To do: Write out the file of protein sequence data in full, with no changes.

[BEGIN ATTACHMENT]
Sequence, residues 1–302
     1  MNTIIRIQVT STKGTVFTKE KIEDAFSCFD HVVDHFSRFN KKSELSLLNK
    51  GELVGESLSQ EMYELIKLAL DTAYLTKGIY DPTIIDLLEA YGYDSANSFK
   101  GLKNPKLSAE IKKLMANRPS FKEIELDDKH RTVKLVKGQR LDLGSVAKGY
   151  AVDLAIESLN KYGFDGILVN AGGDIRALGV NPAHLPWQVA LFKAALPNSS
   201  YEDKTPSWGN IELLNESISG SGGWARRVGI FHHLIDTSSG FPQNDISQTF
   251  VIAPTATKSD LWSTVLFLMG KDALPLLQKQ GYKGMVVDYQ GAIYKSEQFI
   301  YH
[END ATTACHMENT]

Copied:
Sequence, residues 1–302
     1  MNTIIRIQVT STKGTVFTKE KIEDAFSCFD HVVDHFSRFN KKSELSLLNK
    51  GELVGESLSQ EMYELIKLAL DTAYLTKGIY DPTIIDLLEA YGYDSANSFK
   101  GLKNPKLSAE IKKLMANRPS FKEIELDDKH RTVKLVKGQR LDLGSVAKGY
   151  AVDLAIESLN KYGFDGILVN AGGDIRALGV NPAHLPWQVA LFKAALPNSS
   201  YEDKTPSWGN IELLNESISG SGGWARRVGI FHHLIDTSSG FPQNDISQTF
   251  VIAPTATKSD LWSTVLFLMG KDALPLLQKQ GYKGMVVDYQ GAIYKSEQFI
   301  YH